Sunday, July 30, 2000

Cheney's health beside the point in Bush dynasty




map
        We can't quite understand the fuss this week over the health of Richard Cheney, the former defense secretary who is now George W. Bush's running mate.

        We heard some perfectly reasonable people question whether a 59-year-old man who has had three mild heart attacks and quadruple bypass surgery was fit to be vice president of the United States.

        How fit do you have to be to be vice president?

        Anyone who could fog a mirror would do the trick.

        There is only one constitutional duty of the office — presiding over the Senate — and vice presidents delegate that chore nearly all of the time.

        Now, the trick is, vice presidents have this annoying habit of becoming presidents — five of the last 10 presidents have had that job.

        So, presumably, if you are president, you would like your vice president to be physically and mentally able to take over should you not make it through your four years.

        And, if your vice president is a particularly good pal of yours — as Al Gore is to Bill Clinton — you want him to be fit and ready to run for president himself when you are through.

        George W. Bush picked his running mate with the full knowledge of what his father went through 12 years ago. Bush the Elder tapped a tow-headed little fellow from Indiana to be vice president.

        The choice of Dan Quayle accomplished two things. First, it created vast new opportunities in the field of late-night comedy writing. Secondly, it convinced many Americans of the wisdom of dropping to their knees every night to pray for the health of the president.

        Bush the Younger wasn't going down that road. He has his own problem with that gravitas thing, so he needed a grown-up on the ticket.

        A sensible, balding, four- eyed, somewhat pudgy guy in a suit who can spell and won't pick fights with fictional TV characters, such as some vice presidents we could name. That's what Dubya needed, and that's what he got.

        The Democrats immediately started shooting at Mr. Cheney's voting record in Congress, citing his strong anti-abortion stance and his anti-environment, pro-business record.

        Note that you did not hear Mr. Gore himself popping off much about this. Mr. Gore, of course, used to be in Congress, too, and he was not always the pro-choice tree-hugger whom Democrats have grown to love.

        Pro-choice tree-huggers, you see, don't often get elected in Tennessee.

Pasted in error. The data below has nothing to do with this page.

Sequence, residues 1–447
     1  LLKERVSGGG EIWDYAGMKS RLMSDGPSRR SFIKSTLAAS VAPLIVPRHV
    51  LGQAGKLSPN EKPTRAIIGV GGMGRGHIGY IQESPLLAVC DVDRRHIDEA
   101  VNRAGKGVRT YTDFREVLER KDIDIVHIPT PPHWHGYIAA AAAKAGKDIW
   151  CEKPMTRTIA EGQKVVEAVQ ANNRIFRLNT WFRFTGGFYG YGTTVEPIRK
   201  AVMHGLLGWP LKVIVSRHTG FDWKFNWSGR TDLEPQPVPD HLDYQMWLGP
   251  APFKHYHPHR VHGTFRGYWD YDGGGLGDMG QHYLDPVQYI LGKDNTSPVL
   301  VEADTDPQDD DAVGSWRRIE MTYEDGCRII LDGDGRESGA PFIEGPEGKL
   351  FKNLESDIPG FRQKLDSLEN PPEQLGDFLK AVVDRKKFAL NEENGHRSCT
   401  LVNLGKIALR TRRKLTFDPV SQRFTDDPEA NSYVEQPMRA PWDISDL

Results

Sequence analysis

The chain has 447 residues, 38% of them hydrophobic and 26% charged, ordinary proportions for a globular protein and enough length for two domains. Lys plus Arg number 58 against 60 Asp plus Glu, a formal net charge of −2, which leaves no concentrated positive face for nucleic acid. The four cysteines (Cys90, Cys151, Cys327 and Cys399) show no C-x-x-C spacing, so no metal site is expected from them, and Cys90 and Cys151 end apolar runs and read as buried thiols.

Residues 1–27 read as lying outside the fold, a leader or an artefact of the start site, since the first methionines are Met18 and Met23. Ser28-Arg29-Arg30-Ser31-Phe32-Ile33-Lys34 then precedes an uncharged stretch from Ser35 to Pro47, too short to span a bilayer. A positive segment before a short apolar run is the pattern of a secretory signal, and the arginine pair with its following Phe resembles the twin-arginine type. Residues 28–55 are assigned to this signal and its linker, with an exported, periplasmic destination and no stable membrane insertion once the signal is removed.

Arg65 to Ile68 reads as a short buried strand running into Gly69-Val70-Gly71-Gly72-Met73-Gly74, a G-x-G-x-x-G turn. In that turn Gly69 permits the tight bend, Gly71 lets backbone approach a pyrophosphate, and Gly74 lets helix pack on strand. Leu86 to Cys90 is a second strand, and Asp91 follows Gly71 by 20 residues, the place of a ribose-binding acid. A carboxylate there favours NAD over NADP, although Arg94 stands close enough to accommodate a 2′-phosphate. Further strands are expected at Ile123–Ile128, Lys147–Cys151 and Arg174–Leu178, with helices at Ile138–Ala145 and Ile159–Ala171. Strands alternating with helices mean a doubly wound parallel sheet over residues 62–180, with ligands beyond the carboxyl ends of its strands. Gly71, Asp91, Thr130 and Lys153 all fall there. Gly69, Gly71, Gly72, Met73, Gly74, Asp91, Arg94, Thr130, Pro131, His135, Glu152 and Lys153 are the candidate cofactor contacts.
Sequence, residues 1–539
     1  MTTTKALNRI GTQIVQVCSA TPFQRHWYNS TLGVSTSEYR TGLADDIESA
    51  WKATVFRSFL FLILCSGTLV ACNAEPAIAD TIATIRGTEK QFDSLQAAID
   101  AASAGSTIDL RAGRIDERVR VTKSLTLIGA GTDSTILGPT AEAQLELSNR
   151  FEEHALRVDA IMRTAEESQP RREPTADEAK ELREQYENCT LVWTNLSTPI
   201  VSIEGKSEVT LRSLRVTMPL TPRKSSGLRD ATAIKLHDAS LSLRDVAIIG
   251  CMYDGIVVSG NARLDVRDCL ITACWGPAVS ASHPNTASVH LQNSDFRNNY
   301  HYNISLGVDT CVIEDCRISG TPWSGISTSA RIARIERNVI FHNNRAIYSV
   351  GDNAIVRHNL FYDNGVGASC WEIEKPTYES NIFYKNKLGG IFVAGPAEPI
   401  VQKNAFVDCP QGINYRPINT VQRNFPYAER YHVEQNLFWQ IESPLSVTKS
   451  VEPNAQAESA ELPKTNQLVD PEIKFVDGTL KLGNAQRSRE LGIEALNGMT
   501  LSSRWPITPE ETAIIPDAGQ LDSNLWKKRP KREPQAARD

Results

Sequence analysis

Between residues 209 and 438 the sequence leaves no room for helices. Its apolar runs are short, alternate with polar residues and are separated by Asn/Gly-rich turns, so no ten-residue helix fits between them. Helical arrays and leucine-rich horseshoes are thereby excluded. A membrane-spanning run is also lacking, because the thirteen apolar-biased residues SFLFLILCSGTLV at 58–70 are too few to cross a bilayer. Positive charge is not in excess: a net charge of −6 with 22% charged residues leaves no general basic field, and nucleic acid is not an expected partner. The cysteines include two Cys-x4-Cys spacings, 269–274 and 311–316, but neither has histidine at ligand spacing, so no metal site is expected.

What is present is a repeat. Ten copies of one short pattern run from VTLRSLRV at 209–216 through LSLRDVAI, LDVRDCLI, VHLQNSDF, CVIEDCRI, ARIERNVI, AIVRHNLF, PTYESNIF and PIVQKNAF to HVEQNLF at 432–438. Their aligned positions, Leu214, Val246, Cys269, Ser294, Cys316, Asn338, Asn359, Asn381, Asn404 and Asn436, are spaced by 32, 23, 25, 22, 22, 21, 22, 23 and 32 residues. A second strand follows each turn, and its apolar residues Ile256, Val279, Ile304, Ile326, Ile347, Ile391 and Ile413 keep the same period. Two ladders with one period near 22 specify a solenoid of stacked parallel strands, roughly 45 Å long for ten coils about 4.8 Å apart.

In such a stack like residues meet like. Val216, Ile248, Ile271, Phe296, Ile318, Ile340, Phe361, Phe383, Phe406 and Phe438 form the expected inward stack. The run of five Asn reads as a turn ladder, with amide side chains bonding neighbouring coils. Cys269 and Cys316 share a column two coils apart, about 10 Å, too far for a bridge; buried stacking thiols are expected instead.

But regardless of what the Democrats say about Mr. Cheney's voting record, the Bush campaign will continue to paint the choice as one that is not about politics but about governing — that Mr. Bush decided Mr. Cheney was the man in the party best prepared to become president should need be.

        Mr. Bush no doubt believes that, but that is probably not the only reason Mr. Cheney was cho sen.

        Dubya was not about to pick a running mate who would sit in the vice president's chair for eight years and then up and run for president.

        There are Bushes still to come.

        The scenario is this:

        Dubya serves for eight years. They get out the chisels and start carving a spot on Mount Rushmore. Then brother Jeb, governor of Florida, gets his eight years. Move over Teddy; there's more chiseling to be done. Then, what the heck, eight years for Jeb's boy, George P. Find a new mountainside in the Black Hills.

        Dick Cheney, with his heart attacks and bypasses and lifetime membership in the Bush Fan Club, is not going to mess up that plan.

        Howard Wilkinson covers politics. He can be reached at (513) 768-8388 or via e-mail at hwilkinson@enquirer.com.

E-Poll: What's your take on the GOP convention?



Bush stumps in Tristate
- Cheney's health beside the point in Bush dynasty
Convention a pep rally for party faithful
Eight people to watch from Ohio, Ky.
Arts campus plan faces deadline for decision
Learning the arts boosts achievement in other subjects
City takes aggressive approach to graffiti
Daughter of restaurant owner shot to death
Norwood mayor stays positive
PULFER: At new stadium
SAMPLES: At summer camp, beliefs unite gatherers
DAUGHTERY: Irish charm is nation's freedom from malls and chains
$20M Jewish campus planned
Appalachian council has its plate full of arts
Concert Review: Coors Light Festival
Corporate-limit signs scrutinized
Custody battle goes on
DEMALINE: Plot twists in 'Cincinnati Story'
Ensemble will stage Obie-winning musical
Festival shows off services
Indian director's works focus of film society series
KENDRICK: Firms help non-drivers get out of town
Markers celebrate history
Opera recap
Park to feature public art
SUBURBAN SCHOOLS - Rating your levies
Telling tales with Rhonda Rae Smith
The Arts Life: Desk doesn't bind this poet
Two men charged in murder
Wife wakes up to homemade bomb
Get to it
Tristate A.M. Report
Pig Parade Contemporary Arts Centerloin